Not rated. 75 mins. (A-) Four Stars
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Groupthink doesn't live here, critical thought does.

July 13, 2014


Pink FlamingosJohn Waters's second movie not only set the low bar for just how gross a midnight movie could be in 1972, “Pink Flamingos” remains to this day the most cogently transgressive and anarchic film ever made. Nowhere else in cinema will you find a singing-asshole performer — with an extended close-up on his anus’s “performance” — sex between two people with a live chicken in the middle, indecent transsexual exposure, a flasher with a salami tied to his penis, a mock-incest blow job between a “son” and his transvestite “mother,” actual eating of dog feces, and an enigmatic terrorist drag queen played by the incomparable Divine.


Posters for the movie ran with the tagline, “An Exercise In Poor Taste” for good reason. “Pink Flamingos” foreshadowed Punk Rock’s fiery attitude of bitter irony, articulate viciousness, and acted-out aggression. When reporters interview Divine during the story about whether or not blood turns her on, she replies, “It does more than turn me on; it makes me cum!” Divine (Glen Milstead) remained a muse to John Waters right up until the actor’s death in 1988.

Screen Shot 2020-05-27 at 11.01.28 PM

Every co-conspirator member of John Waters’s milieu of Baltimore’s underground cast and crew is a legitimate rebel with their freak-flag waving high. The film’s loose narrative involves a competition between rival outlaw groups for the title of the filthiest person alive. What could be more challenging to the status quo, and more liberating for its participants and audience, than to elevate poverty, filth, and rebellion to its highest possible rank of ultimate authority over society at large?

Screen Shot 2020-05-27 at 11.01.37 PM

Divine (a.k.a. Babs Johnson) lives in a disused trailer home hidden on the outskirts of town with her egg-obsessed mother Edie “the egg lady,” her juvenile delinquent son Crackers, and his fetish-driven girlfriend Cotton (Mary Vivian Pearce). Cotton likes to masturbate while watching Crackers engaged in blood-smeared sex with random partners.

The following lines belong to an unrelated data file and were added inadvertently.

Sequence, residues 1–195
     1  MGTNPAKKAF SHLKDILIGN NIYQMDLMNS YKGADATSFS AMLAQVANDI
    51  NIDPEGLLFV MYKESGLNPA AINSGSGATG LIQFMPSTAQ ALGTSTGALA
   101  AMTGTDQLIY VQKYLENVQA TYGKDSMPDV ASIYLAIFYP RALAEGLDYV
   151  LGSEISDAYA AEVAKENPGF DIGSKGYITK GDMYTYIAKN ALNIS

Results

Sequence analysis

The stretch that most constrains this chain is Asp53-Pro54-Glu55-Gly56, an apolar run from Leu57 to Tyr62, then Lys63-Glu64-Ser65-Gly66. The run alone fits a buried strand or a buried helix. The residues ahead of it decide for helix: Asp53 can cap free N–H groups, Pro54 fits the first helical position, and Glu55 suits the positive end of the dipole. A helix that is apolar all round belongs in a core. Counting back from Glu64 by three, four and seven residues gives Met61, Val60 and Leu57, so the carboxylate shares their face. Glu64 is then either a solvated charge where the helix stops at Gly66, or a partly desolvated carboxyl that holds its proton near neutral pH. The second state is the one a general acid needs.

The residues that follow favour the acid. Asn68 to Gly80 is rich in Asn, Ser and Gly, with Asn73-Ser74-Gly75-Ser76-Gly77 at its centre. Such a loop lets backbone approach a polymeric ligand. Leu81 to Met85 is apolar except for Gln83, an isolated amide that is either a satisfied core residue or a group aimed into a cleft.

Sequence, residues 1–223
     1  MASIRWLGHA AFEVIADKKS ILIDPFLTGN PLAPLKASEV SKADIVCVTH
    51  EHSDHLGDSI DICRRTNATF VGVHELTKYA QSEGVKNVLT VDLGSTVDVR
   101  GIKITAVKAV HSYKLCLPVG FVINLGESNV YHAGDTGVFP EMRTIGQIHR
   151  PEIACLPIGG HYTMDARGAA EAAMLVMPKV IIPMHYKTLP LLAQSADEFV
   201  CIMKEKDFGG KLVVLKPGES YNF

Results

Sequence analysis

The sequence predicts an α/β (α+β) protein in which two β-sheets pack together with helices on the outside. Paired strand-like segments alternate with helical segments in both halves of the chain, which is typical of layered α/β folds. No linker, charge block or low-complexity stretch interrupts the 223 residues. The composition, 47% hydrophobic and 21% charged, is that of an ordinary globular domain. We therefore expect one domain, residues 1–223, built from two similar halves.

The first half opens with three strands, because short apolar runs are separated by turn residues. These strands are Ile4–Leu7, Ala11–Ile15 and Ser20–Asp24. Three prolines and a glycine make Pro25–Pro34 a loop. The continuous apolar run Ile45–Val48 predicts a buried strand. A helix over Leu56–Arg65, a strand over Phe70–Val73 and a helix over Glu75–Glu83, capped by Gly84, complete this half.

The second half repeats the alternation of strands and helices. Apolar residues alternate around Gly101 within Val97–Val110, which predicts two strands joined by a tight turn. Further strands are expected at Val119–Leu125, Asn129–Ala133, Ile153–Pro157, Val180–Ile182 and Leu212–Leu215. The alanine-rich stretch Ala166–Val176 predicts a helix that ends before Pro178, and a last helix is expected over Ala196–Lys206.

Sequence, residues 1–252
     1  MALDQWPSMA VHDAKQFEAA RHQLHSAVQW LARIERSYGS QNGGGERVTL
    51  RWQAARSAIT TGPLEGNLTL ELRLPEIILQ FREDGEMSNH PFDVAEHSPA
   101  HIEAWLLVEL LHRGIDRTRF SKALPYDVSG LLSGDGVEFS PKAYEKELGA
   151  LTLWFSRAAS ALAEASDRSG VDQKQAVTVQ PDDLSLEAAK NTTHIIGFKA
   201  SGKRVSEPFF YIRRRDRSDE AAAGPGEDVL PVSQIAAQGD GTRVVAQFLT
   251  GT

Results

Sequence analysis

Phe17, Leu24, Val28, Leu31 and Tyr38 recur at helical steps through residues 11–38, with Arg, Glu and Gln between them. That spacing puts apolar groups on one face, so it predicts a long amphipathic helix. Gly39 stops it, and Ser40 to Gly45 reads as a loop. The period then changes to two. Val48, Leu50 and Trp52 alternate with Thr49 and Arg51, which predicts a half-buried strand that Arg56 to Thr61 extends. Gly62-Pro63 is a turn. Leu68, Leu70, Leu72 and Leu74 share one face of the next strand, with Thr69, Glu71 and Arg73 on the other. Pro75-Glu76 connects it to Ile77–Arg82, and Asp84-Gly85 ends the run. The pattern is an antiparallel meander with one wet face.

After a local rag decrees Divine as the “filthiest person alive,” Connie and Raymond Marble, a jealous couple of black-market-baby pimps, set out to dethrone Divine. The foot-fetishist duo kidnaps young women and imprisons them in their basement where their asexual butler Channing impregnates them against his will. The Marbels sell the babies to lesbian couples for $5000 per infant. Waters’s non-stop stream of sarcastic social commentary runs thick, wide, and deep. There is nowhere for an audience to hide. Every anti-establishment theme is pushed right up in your face and hung there for you to ponder.

Screen Shot 2020-05-27 at 11.02.30 PM

“Pink Flamingos” is a genuine article of underground cinema (it was made on a $10,000 budget). Waters’s brilliant use of rock ‘n’ roll music — the sphincter performance occurs over The Trashmen’s “Surfin’ Bird” — sets the film’s goofy psychobilly tempo and tone. Aside from being a mainstay of the Midnight Movie repertoire, “Pink Flamingos” is a daring black comedy made enticingly entertaining by the outrageous character of Divine that Glen Milstead made all his own with the help of make-up artist Van Smith.


Rated NC-17. 93 mins.

5 Stars

Groupthink doesn't live here, critical thought does.

This website is dedicated to Agnès Varda and to Luis Buñuel.

Get cool rewards when you click on the button to pledge your support through Patreon.

Cole Smithey on Patreon